By TOM ORLIK
U.S.-listed China stocks are taking a beating. But in the rush to judgment, investors risk confusing the good with the bad and the ugly.
The bad are getting all the headlines. A group of Chinese firms that crept onto U.S. markets in the past few years, only to be exposed as frauds, are darkening investors' view of all Chinese firms. That is hardly surprising when major institutional investors are losing big. A 73% fall in the stock price of Canada-listed Sino-Forest since the start of the month means a paper loss for leading shareholder Paulson & Co. of more than $500 million.
The ugly are those with a compelling story to tell, but little or no history of profitability. Into this category falls Renren, pitched as the Chinese Facebook, Youku.com, seen as China's Youtube, and Dangdang, viewed as the country's Amazon.com. The Chinese imitators do offer similar services, but they face fiercer competition than their U.S. peers and have a far less developed advertising market to tap for profits. In the last six months, all three rode a wave of enthusiasm to high valuations at their initial public offerings, only to see prices slump as investor's looked more closely at the competition they face in their sector. Dangdang and Renren have both halved in value since the closes on their first day of trading, and Youku is down 50% from its April peak.
That leaves the good, those firms with a dominant market share and a history of profitability that are also sliding. Baidu, with 75% of China's online search space, Tencent, with 72% of instant messaging, and Sina, the most visited portal and owner of the phenomenally popular Weibo microblog, all fall into this category. Baidu and Tencent have fallen close to 10% since the end of May. With suspicions about corporate governance high, Sina's management chose a bad time to sell shares—a move disclosed at the beginning of the month. Sina's stock is down 23% since the start of the month, against a 5% fall in the Nasdaq Composite. Yes, these stocks' valuations reached frothy levels, too, but at least there was a more solid business behind them.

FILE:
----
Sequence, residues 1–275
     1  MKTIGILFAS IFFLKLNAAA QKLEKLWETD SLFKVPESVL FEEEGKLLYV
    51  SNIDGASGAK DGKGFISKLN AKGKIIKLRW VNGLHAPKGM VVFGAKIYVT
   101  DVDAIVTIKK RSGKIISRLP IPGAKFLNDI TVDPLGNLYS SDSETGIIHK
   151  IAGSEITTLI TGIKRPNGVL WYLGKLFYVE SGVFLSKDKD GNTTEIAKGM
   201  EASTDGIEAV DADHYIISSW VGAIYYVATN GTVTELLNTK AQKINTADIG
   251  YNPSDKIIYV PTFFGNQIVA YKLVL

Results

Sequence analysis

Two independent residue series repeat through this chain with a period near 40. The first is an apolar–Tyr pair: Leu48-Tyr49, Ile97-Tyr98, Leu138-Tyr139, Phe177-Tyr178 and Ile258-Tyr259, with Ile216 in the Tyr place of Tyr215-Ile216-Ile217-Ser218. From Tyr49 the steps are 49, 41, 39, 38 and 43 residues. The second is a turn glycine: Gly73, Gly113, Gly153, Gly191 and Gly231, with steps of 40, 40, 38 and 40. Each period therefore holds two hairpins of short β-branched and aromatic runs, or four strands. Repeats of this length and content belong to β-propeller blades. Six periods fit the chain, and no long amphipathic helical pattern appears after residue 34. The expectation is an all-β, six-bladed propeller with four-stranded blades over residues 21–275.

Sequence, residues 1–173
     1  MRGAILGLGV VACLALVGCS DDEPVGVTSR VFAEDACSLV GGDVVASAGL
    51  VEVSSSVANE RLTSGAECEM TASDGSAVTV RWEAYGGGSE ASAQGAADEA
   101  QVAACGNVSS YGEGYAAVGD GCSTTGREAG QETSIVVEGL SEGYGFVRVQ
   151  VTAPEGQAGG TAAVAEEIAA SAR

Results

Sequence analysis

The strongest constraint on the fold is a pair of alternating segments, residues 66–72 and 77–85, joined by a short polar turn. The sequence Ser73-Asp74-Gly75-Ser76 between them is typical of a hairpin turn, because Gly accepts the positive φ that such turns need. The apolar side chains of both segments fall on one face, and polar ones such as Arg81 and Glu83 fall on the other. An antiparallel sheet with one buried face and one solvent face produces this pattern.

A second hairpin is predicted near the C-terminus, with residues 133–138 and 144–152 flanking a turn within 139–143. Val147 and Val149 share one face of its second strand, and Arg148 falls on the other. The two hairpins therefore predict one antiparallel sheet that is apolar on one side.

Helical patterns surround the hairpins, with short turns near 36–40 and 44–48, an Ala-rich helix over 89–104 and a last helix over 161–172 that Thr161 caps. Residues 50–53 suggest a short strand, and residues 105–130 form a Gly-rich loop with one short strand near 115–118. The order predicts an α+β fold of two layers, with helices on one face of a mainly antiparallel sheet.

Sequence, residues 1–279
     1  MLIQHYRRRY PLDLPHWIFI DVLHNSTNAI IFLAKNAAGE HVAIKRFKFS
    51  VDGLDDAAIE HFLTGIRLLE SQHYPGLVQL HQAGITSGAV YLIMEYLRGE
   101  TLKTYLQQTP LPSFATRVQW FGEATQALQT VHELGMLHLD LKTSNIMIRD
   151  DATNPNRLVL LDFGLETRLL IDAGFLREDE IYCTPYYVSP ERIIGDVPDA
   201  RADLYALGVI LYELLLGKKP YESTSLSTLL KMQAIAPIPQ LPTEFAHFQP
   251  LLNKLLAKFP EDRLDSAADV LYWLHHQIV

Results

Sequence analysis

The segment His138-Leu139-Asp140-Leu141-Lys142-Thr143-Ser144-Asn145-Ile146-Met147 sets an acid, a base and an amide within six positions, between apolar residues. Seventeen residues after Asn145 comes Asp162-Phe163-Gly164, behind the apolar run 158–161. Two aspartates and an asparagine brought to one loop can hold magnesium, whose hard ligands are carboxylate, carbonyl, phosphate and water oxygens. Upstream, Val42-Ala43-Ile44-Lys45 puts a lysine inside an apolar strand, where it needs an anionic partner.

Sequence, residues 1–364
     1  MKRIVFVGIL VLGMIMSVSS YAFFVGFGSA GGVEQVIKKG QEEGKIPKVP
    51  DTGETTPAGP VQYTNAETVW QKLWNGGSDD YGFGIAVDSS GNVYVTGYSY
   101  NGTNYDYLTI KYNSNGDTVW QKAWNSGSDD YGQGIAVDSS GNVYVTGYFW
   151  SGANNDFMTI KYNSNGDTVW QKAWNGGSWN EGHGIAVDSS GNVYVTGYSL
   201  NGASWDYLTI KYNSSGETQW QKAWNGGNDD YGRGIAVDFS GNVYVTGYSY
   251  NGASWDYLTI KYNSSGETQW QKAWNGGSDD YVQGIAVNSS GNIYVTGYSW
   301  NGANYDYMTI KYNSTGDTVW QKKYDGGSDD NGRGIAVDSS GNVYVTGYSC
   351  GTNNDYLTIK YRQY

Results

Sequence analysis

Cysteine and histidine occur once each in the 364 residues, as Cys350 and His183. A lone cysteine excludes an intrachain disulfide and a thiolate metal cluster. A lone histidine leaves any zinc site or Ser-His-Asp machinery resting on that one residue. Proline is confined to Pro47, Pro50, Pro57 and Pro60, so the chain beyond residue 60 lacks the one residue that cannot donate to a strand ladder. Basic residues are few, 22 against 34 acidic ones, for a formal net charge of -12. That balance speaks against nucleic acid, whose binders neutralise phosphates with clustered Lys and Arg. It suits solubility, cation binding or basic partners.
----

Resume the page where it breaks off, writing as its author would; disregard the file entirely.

With more negative noise on China's growth and inflation expected in the summer months and bears crawling over other companies in search of weaknesses, sentiment will stay negative. Investors that have lost a fistful of dollars on one China stock may not be inclined to risk a few dollars more on another. But a lack of discrimination on the way down makes no more sense than on the way up. For investors that can distinguish the good from the bad and the ugly, a continued market slide will start to present opportunities.
Write to Tom Orlik at Thomas.firstname.lastname@example.org